Can I borrow some bute for horses? This is a commonly heard phrase both at horse shows and at horse barns, particularly show barns. Bute is as common in the horse world as flowers are in a garden.
The bute is basically the equine equivalent to Ibuprofen (Advil, Tylenol, etc.) for people. Bute can help your horse’s aches and pains, fevers, and sore muscles. But, Bute can also be detrimental if not administered properly.
Overuse of bute can cause serious side effects, and it is just as important to be aware of these side effects as it is to be aware of the drug’s benefits. In this article, I’ll be discussing what bute is, how it works, what it is effective in curing, and what side effects of overuse can be.
What is Bute for Horses?
The Ontario Ministry of Agriculture, Food, and Rural Affairs defines bute as the following:
“Phenylbutazone (Bute) is an analgesic (relieves pain) and anti-inflammatory medication, commonly used for the treatment of lameness in horses. It belongs to a group of medications known as non-steroidal anti-inflammatory drugs (NSAIDS). Phenylbutazone is available in many preparations for horses, including 1-gram tablets, oral paste syringes (containing 6 grams or 12 grams/syringe), an injectable (200 mg/ml in 100-ml vials) and oral powder.”
It is a powder or paste administered to a horse to relieve multiple different categories of pain and discomfort. But, because of its dangerous side effects, Bute must be prescribed by your vet in order for you to purchase it; it is not a medicine that can be bought “over the counter.”
Bute can be an extremely helpful tool for increasing a horse’s comfort through times of injury or sickness, but it also has detrimental side effects.
Because bute is so common in the equine industry today, is important for horse owners to understand when it is appropriate to use bute, and when bute can become a problem for their horses.
What Is Bute For Horses Used For?
Like Ibuprofen, Bute “blocks” a horse’s pain and brings down any inflammation or swelling. It also acts to lower a horse’s temperature if a horse has a fever. Because of these characteristics, Bute is the top pick for treating many different conditions in horses.
Bute is used to treating muscular discomfort in horses, whether this simply be sore muscles from a hard day of work, or musculoskeletal disorders such as arthritis, laminitis, navicular, or degenerative joint disease.
It is also used to treat infections in flesh injuries that can occur from bites, kicks, or unfortunate rolls or run-ins with the fence or a tree. Bute acts to not only reduce infection, but also to reduce swelling, and therefore pain in affected areas.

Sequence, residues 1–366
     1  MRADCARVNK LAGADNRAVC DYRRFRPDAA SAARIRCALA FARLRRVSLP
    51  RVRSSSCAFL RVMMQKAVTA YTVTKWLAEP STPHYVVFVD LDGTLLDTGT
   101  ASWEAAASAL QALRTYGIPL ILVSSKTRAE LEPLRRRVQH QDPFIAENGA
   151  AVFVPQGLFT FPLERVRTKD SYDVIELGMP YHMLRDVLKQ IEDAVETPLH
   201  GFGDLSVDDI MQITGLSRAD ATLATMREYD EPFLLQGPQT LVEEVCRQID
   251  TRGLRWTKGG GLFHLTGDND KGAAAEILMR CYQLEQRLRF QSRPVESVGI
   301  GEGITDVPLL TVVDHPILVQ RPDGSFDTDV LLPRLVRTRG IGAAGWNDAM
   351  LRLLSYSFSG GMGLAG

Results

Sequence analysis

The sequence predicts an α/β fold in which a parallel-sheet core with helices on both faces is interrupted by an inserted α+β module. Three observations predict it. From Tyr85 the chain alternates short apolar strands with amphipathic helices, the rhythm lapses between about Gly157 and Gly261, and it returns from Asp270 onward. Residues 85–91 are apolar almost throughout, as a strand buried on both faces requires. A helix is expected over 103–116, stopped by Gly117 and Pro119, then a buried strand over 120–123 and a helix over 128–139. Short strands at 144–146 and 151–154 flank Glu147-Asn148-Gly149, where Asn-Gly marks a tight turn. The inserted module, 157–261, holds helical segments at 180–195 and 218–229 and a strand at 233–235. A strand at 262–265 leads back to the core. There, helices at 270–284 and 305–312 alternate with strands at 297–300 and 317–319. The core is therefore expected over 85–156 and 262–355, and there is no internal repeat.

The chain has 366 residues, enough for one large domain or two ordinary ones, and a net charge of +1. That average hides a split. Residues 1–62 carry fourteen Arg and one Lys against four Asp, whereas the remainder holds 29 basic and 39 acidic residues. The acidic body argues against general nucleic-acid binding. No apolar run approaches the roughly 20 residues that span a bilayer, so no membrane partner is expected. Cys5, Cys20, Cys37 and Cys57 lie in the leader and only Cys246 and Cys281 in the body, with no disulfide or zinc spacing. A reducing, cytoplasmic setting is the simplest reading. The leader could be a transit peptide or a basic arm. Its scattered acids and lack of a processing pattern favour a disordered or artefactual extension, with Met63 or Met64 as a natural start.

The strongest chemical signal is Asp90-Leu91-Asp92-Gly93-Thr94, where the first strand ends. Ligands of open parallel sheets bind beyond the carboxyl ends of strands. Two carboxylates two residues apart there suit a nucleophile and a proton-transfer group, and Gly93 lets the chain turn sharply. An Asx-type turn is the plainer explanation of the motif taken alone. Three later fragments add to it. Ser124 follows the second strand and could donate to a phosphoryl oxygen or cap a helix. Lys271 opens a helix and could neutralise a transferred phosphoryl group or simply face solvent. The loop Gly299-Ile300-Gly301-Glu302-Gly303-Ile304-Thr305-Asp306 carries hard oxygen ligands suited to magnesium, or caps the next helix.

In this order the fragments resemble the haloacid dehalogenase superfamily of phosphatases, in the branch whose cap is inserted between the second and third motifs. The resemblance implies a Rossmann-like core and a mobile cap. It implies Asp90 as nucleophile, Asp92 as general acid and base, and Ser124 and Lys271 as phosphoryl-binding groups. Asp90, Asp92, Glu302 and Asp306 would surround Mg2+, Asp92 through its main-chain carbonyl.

How Does Bute for Horses Work?
After Bute has been administered either via syringe or via powder, the majority of the drug remains in a horse’s blood. Damaged or injured areas of a horse’s body automatically have increased blood flow, as the horse’s body is naturally trying to fix the problem.
Because of this, there are also higher quantities of bute being transported to these areas. Bute them blocks chemicals called prostaglandins, which can cause pain.
While this makes the horse more comfortable, prostaglandins also have important internal functions, which is why it is important to use Bute in low doses, to let the prostaglandins do their jobs.
The blood eventually flows the bute into a horse’s liver, where it is processed and excreted from the horse’s body within 24 hours of consumption.
In terms of medications, this is a relatively long time for a drug to stay in a horse’s system after administration, and it is a rather long processing time. This is why it is important not to overuse bute and thereby overwhelm a horse’s liver.
Common Side Effects of Bute
Prostaglandins not only cause pain, but also have an important job of regulating blood flow to a horse’s kidneys, stomach, and gastrointestinal tract. When these prostaglandins are blocked by the use of bute, they can’t complete these jobs.
Lack of blood flow to the stomach and intestinal tract can increase risk and even cause horses to develop kidney damage or ulcers in their GI tract. Especially if your horse is prone to either one of these conditions, it is vital to take special care when administering bute to your horse.
For example, my Thoroughbred has been prone to GI ulcers his entire life. He is on a daily supplement to support GI health, and he gets an ulcer-reducing paste every time his stress levels may increase. These instances include travel, lack of available turnout, and weather changes.
But, he is also a performance show horse. After a long day of show, I want to make sure his muscles and joints stay relaxed and comfortable. Bute is a perfect way to do this, but I have to be extremely careful with the dosage I use. I also need to consider how many days I choose to use it. If not, he runs the risk of his GI ulcers coming back in full strength.
Bute can be a performance horse owner’s best friend! Bute can be a senior horse owner’s best friend! But it can also be both of these horse’s enemies. It is an extremely useful tool, but it must be used with caution and with the proper knowledge of its side effects.
Thankfully, Bute can only be obtained by a vet prescription. Because of this, vets will prescribe an exact dosage for your horse. There is no question as to what is an appropriate amount and what is not; your vet will define this for you and your horse.
I hope this article helped you better understand what bute is, what it does, and what its side effects can be if used improperly. If so, please share this article, and share with us your experiences (good and bad!) with using bute!